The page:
• Female Genital Schistosomiasis and HIV: Research urgently needed to improve understanding of the health impacts of this important co-infection

    O’Brien, DP; Ford, N; Djirmay, AG; Calmy, A; Vitoria, M; Jensen, TO; Christinet, V (Lippincott Williams & Wilkins, 2019-01)
    Evidence suggests that there are important interactions between HIV and Female Genital Schistosomiasis (FGS) that may have significant effects on individual and population health. However, the exact way they interact and the health impacts of the interactions are not well understood. In this paper we discuss what is known about the interactions between FGS and HIV, and the potential impact of the interactions. This includes the likelihood that FGS is an important health problem for HIV positive women in schistosoma-endemic areas potentially associated with an increased risk of mortality, cancer and infertility. Additionally, it may be significantly impacting the HIV epidemic in sub-Saharan Africa by making young women more susceptible to HIV. We call for immediate action and argue that research is urgently required to address these knowledge gaps and propose a research agenda to achieve this.
  • "Is it making any difference?" A qualitative study examining the treatment-taking experiences of asymptomatic people living with HIV in the context of Treat-all in Eswatini

    Horter, S; Wringe, A; Thabede, Z; Dlamini, V; Kerschberger, B; Pasipamire, M; Lukhele, N; Rusch, B; Seeley, J (International AIDS Society, 2019-01)
    Treat-all is being implemented in several African settings, in accordance with 2015 World Health Organisation guidelines. The factors known to undermine adherence to antiretroviral therapy (ART) may change in the context of Treat-all, where people living with HIV (PLHIV) increasingly initiate ART at earlier, asymptomatic stages of disease, soon after diagnosis. This paper aimed to examine the asymptomatic PLHIV's experiences engaging with early ART initiation under the Treat-all policy, including how they navigate treatment-taking over the longer term.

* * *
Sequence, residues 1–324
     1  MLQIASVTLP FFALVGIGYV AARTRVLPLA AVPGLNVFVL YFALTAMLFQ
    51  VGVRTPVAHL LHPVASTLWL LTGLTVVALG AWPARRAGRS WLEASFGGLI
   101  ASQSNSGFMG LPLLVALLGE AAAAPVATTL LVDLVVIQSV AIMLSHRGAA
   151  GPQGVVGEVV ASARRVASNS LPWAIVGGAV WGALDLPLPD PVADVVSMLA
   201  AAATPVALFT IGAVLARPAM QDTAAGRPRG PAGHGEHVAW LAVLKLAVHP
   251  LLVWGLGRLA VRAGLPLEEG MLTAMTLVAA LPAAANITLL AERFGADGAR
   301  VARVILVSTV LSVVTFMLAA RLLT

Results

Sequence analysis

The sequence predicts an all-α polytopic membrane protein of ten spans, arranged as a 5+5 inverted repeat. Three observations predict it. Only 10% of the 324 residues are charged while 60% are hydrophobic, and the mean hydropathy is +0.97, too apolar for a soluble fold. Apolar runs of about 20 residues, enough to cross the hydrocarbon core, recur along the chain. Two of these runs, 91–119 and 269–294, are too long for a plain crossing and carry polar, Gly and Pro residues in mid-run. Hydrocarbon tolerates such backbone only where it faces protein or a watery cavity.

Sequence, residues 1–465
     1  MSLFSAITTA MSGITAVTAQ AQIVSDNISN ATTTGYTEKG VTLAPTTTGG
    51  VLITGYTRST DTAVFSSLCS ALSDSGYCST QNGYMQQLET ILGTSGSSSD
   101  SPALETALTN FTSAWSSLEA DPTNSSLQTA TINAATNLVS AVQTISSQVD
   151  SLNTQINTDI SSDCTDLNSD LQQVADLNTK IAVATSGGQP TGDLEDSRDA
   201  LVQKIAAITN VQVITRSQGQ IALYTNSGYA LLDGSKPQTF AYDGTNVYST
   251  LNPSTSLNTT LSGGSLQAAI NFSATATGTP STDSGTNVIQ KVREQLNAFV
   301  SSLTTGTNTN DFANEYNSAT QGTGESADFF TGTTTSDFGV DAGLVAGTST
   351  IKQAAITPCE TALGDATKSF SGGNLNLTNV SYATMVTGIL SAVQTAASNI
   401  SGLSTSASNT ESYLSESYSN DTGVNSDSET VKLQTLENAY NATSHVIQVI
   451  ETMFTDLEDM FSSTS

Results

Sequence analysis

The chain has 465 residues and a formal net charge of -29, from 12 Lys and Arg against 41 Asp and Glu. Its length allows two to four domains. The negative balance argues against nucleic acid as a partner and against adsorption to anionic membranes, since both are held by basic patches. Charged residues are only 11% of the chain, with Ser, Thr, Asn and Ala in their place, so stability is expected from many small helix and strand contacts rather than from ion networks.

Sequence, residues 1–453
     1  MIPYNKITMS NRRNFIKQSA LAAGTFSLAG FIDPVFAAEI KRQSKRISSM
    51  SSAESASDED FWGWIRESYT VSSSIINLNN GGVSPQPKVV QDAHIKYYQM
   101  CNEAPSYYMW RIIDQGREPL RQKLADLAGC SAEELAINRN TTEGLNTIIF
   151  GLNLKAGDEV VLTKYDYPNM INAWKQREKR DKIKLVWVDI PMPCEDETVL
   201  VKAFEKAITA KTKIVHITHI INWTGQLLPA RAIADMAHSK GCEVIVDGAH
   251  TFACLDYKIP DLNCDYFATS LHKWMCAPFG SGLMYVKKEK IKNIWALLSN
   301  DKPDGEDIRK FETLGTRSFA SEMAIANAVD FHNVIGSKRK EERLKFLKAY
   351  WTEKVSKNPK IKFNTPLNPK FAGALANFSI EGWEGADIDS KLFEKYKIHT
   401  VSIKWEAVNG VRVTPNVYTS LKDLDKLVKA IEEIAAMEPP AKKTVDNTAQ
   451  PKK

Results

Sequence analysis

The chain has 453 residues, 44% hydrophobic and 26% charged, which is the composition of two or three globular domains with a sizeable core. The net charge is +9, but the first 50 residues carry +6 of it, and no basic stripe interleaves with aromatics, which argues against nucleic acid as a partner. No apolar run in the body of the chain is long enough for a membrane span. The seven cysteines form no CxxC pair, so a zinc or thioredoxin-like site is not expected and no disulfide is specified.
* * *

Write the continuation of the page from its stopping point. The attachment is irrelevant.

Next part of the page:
• Extremely Low Hepatitis C prevalence among HIV co-infected individuals in 4 countries in sub-Saharan Africa

    Loarec, A; Carnimeo, V; Molfino, L; Kizito, W; Muyindike, W; Andrieux-Meyer, I; Balkan, S; Nzomukunda, Y; Mwanga-Amumpaire, J; Ousley, J; Bygrave, H; Maman, D (Lippincott, Williams & Wilkins, 2018-11-16)
    : A multicentric, retrospective case-series analysis (facility-based) in five sites across Kenya, Malawi, Mozambique, and Uganda screened HIV-positive adults for hepatitis C virus (HCV) antibodies using Oraquick rapid testing and viral confirmation (in three sites). Results found substantially lower prevalence than previously reported for these countries compared with previous reports, suggesting that targeted integration of HCV screening in African HIV programs may be more impactful than routine screening.This is an open access article distributed under the terms of the Creative Commons Attribution-Non Commercial-No Derivatives License 4.0 (CCBY-NC-ND), where it is permissible to download and share the work provided it is properly cited. The work cannot be changed in any way or used commercially without permission from the journal. http://creativecommons.org/licenses/by-nc-nd/4.0.
  • Field suitability and diagnostic accuracy of the Biocentric open real-time PCR platform for plasma-based HIV viral load quantification in Swaziland

    Kerschberger, B; Mpala, Q; Uribe, PAD; Maphalala, G; de la Tour, R; Kalombola, S; Bekele, A; Chawinga, T; Mliba, M; Ntshalintshali, N; Phugwayo, N; Kabore, SM; Goiri, J; Dlamini, S; Ciglenecki, I; Fajardo, E (BMC, 2018-11-14)